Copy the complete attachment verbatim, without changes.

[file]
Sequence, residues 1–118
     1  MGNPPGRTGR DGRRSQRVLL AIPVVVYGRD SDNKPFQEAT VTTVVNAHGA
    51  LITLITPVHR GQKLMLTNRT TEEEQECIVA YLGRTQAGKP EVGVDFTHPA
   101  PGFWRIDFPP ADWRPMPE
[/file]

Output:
Sequence, residues 1–118
     1  MGNPPGRTGR DGRRSQRVLL AIPVVVYGRD SDNKPFQEAT VTTVVNAHGA
    51  LITLITPVHR GQKLMLTNRT TEEEQECIVA YLGRTQAGKP EVGVDFTHPA
   101  PGFWRIDFPP ADWRPMPE